Monday, June 13, 2011

Translation: Granma letters to the editor

Translation: Marce Cameron

Readers and journalists

By J. Carreras Perez-Teran, May 27, 2011

I've been an avid reader of the letters section from the beginning [early 2008] and on several occasions I've written letters myself. Though my letters have never been selected for publication, I hope my proposals are considered in one way or another, I imagine it's not possible to publish every letter.

This time I'm writing to express my thoughts on the letters sent by other readers, specifically those published on May 20, 2011. These letters that contribute much to the defence of the conquests of socialism in Cuba, the struggle against bureaucracy and the evasive responses of some functionaries, denunciations of misdeeds, appeals for job creation [by further easing restrictions on self-employment — translator's note] and the substitution of imports, defending our culture and national identity. Most importantly they get to the point, they are concrete, without tedious and theoretical discourse. These letters reach the brain and the heart with the messages they contain.

It's noteworthy that the majority of the commentaries and news relating to Cuba that are published daily in Cuba are very far from being attractive and convincing to the readers. Many reflect a triumphal spirit that "everything's fine" and "the goals have been achieved". Few delve deeper into the causes of the problems and get to the heart of the matter.

Personally, I prefer to read the letters than the rest of the articles on national themes. And I ask myself: what is going on with our journalists? Can it be possible that the readers are better than the journalists when it comes to reflecting the national reality in the press? Don't they live in Cuba like the rest of us Cubans? Don't they suffer the same problems? Do they not have the same difficulties? Is there some kind of verbal or written "norm" that prevents journalists from publishing articles of the quality of the letters of readers?

It's time to make reality everything that has been said about the need for our press to change and move with the times, so that the articles of the journalists are as good as or better than the letters of readers.

* * *
Resellers are not self-employed workers

By S. I. Chavez Domínguez, May 20, 2011

I view as very positive and necessary the decision to allow self-employment within the framework of our socialist legality, since this is a source of income and legal employment that responds to the problems Cubans face that for various reasons the state cannot resolve.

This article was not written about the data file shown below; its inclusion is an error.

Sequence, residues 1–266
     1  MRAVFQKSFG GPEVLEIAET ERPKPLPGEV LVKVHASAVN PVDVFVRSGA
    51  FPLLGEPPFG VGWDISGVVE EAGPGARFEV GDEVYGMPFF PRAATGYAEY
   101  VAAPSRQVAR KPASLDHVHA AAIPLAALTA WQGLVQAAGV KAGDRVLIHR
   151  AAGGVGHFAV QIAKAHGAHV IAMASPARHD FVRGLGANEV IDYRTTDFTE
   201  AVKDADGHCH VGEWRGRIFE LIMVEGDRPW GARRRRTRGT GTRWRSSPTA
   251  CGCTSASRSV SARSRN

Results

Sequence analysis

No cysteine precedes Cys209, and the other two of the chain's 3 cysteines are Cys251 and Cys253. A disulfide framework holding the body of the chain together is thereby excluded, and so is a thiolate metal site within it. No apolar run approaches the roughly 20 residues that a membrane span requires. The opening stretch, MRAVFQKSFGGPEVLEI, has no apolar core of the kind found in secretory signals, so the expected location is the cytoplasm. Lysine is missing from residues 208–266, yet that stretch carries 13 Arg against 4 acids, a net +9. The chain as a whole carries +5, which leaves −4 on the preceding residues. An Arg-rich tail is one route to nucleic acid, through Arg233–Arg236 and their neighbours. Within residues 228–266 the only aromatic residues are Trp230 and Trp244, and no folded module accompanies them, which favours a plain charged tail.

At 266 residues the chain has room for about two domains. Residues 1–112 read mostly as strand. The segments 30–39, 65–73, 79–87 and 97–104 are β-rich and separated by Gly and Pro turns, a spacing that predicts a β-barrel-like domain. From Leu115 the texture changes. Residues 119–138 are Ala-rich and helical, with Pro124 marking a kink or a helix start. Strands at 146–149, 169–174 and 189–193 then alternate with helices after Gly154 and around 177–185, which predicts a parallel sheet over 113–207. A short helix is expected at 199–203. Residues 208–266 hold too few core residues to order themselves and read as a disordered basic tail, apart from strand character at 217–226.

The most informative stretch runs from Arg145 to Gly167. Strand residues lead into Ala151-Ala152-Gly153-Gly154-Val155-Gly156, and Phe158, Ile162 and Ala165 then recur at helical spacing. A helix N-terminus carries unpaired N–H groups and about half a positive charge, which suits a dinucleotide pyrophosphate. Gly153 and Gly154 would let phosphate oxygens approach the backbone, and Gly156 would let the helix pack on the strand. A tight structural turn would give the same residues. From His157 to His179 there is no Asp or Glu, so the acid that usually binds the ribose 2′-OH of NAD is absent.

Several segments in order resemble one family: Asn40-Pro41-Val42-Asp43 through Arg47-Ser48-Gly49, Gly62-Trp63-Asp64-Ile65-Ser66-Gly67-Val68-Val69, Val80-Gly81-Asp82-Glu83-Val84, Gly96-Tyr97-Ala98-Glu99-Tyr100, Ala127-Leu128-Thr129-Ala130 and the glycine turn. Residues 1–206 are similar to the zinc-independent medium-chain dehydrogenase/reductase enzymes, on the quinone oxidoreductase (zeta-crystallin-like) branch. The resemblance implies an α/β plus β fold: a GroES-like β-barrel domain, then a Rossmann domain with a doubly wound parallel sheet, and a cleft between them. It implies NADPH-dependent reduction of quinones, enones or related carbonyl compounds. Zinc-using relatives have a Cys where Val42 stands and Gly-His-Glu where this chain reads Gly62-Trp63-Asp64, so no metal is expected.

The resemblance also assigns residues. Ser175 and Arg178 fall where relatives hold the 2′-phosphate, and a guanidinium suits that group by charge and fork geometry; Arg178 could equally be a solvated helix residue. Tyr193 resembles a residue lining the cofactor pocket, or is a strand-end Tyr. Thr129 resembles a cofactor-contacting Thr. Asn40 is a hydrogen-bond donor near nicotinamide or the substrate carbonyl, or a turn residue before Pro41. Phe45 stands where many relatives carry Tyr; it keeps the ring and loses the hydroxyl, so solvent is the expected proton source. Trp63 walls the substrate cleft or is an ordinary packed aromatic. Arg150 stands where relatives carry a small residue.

In my opinion self-employment licenses must be granted to those who are capable of providing a service or product through their labour or their technical-professional expertise, or to those people who having obtained raw materials or a finished product are able to add value to increase its use value, for example someone who buys eggs and sells tortillas, someone who buys powdered cordial, adds sugar and ice then sells the drink, to which could be added an endless list of cases in which I consider it correct to grant a self-employment license.

What I don't understand is this: often I see people in the street with self-employment licenses that don't provide any kind of service to workers, on the contrary what they do is make the economic situation much more difficult for us, since these are people who create nothing nor do they provide any service or add value to any product, but are simply resellers and the only thing they add is price — and excessively — to the same products sold by the state in the network of [convertible peso] stores.

Why one must obtain a self-employment license to sell steel wool pads, pens, torch batteries, glasses, TV antennas, cigars, matches, stockings, drill bits, sandpaper, fluorescent tubes, energy saving light globes and a host of other products that would make an endless list, when the state sells these items in its chain of stores but at a much lower price than asked by these resellers who, I repeat, do not add any value but simply add to the price which we who live on our salaries must pay?

For example: the state sells a packet of four steel wool pads for 1 convertible peso (CUC), which are quickly bought up and hoarded by these self-employed people who later sell them for 10, 12 and up to 14 regular pesos each [1 CUC = 24 regular pesos], or on occasion at up to double the official price. I've seen packets of eight 1.5 volt batteries for 1 CUC, then later on I've needed two little batteries and have had to pay 10 regular pesos each. Examples abound.

These are not self-employed workers, they are unscrupulous resellers and stranglers of the economy of those who work. They take advantage of a license they've been given, with which they feel as if they have every right in the world to rip us off.

I don't believe this was the intention of our state in offering this new possibility, which if done properly will surely be another success of our Revolution.

1 comment:

  1. The latter letter makes a good point. But the problem addressed here is the problem of the two currencies, the Cuban peso (available to all) and the CUC, the convertible currency pegged to the US dollar, which has limited circulation in Cuba. As the letter writer says, the reseller purchases a product in CUCs (1 CUC = 24 Cuban pesos), then resells the product at, say, 30 Cuban pesos to 1 CUC, making a "profit" of 6 Cuban pesos. This is definitely not productive labor.

    An important objective of the current reform is to phase out the use of CUCs altogether. The sooner this happens, the better.

    Richard Fidler,


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